CARROLLTON - Neglected and abandoned pools now have the full attention of someone; officials looking to take away one of the breeding grounds for mosquitoes that carry the West Nile virus.

The City of Carrollton believes an abandoned pool led to a West Nile death in the city nine years ago. Since then, it adopted an aggressive program to combat the problem.

News 8 went with Carrollton's Environmental Services unit as it visited two vacant homes Thursday where standing water is a problem. They cleaned a pool at one home, a pond in the other. Both the pool and the pond were dirty and infested with green algae.

Residents alerted them to the problem.

Right now, we are trying to mitigate the spread of West Nile, said Travis Caperton, with Carrollton's Environmental Services team. We just can't let sit like this.

So far this year, the city has received more than 200 pool violations. For the city, green pools threaten lives, and it tries to respond to every complaint within 48 hours.

It's very serious, especially with these pools, because it does not take very long for it to look like this, Caperton said.

The city aims to take action within two weeks, whether the home is occupied or not. Treating the problem is the priority - shocking them with concentrated amounts of chlorine and mosquito-killing chemicals.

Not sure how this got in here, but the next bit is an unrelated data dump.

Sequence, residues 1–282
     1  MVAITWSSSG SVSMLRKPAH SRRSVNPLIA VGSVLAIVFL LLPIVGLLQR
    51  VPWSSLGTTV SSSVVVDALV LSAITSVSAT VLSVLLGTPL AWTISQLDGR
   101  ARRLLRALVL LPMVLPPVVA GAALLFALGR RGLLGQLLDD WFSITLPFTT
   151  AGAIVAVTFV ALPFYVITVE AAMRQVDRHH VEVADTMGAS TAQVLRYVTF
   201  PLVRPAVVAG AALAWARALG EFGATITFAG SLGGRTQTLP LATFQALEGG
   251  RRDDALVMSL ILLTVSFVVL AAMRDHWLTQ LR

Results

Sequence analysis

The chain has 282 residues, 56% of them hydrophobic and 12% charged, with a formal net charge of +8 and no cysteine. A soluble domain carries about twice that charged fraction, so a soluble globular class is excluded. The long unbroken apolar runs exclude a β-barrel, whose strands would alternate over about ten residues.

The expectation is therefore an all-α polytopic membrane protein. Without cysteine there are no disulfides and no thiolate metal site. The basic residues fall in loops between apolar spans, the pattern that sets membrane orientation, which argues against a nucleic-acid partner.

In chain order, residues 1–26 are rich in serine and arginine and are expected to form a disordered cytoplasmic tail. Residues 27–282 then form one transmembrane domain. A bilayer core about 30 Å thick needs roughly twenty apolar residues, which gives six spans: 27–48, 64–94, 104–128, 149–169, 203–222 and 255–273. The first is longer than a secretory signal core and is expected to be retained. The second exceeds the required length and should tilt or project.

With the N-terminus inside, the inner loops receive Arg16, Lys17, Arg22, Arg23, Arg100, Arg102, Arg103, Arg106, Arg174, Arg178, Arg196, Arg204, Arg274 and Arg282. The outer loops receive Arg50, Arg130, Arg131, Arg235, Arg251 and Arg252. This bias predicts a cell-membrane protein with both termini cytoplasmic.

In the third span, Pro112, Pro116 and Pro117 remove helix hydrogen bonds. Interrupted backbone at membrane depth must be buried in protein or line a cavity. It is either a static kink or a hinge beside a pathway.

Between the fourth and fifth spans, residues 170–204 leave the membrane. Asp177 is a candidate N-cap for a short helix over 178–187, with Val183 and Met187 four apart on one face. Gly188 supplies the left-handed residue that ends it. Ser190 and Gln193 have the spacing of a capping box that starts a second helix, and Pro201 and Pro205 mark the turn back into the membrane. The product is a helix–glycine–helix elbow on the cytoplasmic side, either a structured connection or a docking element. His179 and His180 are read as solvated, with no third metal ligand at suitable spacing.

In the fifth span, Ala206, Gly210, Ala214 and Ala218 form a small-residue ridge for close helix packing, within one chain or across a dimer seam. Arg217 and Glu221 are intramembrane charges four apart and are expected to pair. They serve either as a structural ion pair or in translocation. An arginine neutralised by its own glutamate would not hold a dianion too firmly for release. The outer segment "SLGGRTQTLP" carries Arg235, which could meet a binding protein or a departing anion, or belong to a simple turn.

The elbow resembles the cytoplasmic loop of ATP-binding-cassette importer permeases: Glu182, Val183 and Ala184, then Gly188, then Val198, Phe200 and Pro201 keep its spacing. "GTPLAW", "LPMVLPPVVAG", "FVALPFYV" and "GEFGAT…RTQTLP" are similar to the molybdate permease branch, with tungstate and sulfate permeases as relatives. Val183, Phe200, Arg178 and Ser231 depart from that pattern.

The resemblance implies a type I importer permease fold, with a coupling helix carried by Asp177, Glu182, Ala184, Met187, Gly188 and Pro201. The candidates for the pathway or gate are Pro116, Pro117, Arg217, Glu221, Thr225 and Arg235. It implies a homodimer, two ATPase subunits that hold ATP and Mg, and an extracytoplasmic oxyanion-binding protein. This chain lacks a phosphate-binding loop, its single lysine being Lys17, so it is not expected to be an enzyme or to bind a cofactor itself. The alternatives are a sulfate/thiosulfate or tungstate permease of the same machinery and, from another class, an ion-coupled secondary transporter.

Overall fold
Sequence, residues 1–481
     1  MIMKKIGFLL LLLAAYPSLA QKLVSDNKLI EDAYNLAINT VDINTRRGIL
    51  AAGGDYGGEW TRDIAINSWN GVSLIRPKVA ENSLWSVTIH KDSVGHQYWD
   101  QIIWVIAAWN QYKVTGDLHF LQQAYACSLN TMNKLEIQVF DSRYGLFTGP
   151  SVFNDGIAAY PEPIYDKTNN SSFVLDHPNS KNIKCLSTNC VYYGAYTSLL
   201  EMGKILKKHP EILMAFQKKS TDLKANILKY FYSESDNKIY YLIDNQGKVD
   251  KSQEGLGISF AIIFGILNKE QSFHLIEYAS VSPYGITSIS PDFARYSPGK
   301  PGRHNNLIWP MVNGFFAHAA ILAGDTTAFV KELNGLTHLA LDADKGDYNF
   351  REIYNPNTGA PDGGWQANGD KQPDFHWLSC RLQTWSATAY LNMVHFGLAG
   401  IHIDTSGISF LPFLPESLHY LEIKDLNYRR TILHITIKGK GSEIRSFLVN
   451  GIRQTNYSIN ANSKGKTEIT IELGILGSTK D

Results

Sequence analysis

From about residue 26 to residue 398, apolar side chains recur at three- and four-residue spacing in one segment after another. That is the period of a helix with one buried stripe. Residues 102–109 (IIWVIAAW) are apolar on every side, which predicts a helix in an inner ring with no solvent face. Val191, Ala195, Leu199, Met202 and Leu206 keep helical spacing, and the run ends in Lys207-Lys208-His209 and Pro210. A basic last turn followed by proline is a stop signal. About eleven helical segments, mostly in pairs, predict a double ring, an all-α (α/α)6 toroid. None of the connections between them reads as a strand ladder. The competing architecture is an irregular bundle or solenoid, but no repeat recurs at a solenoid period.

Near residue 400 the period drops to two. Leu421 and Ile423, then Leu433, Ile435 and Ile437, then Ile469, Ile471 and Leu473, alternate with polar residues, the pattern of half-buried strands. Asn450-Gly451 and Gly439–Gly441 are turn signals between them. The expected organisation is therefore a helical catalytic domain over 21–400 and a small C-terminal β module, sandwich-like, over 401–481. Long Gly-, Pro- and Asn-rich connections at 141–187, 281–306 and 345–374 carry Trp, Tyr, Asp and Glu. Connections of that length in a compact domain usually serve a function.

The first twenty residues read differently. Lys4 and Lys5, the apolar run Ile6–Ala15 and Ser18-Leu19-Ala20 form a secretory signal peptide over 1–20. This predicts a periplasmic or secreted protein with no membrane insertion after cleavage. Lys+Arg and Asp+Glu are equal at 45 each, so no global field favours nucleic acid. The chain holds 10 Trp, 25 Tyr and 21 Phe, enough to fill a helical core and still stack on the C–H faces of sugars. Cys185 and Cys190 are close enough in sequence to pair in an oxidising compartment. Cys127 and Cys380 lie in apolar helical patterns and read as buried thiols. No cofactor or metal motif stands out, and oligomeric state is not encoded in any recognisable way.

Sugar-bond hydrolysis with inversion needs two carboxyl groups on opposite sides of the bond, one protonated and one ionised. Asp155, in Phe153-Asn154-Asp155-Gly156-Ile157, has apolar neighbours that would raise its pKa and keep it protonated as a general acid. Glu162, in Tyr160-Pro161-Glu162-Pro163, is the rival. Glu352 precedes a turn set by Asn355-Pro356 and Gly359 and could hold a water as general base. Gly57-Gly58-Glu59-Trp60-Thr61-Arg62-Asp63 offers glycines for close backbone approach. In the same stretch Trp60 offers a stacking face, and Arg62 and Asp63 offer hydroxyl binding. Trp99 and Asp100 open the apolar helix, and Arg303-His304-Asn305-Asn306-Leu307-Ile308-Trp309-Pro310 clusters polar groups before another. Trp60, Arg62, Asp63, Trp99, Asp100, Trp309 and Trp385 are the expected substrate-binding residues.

When the owners are living on the property, they try to work with the person. If the person fails to comply, the city hands out citations.

News 8 has received several calls from residents in the Preston Hollow neighborhood in Dallas. They are concerned about neglected pools in their area. HD Chopper 8 flew over the pools which are located in ZIP codes where at least four people have died from West Nile.

Barbara Best lives by one dirty pool on Prestonshire. The pool was reported to 311 in early August.

She and her neighbors want the city to adopt emergency measures, so it can immediately address the problem.

When they wait a little bit, the mosquitoes breed every night, every day, Best said. I'm concerned. That's why I'm all bundled up.

Dallas code officials told us the problem is important and these residents' concerns are valid, but they admit they are swamped because they are dealing with aerial spraying logistics. The city promised it will look into the violations.

Back in Carrollton, the problem can't wait.

It's only going to get worse, Caperton said. The mosquitoes are going to get worse.


  • Empty, remove, cover or turn upside down any containers that will hold standing water (bottles, cans, tires, buckets, flower pots, etc.)

  • Change water in pet dishes, wading pools, and birdbaths several times a week.

  • Cover trash containers so they will not collect water.

  • If you know of a green pool, call your city. In Dallas, call 311.


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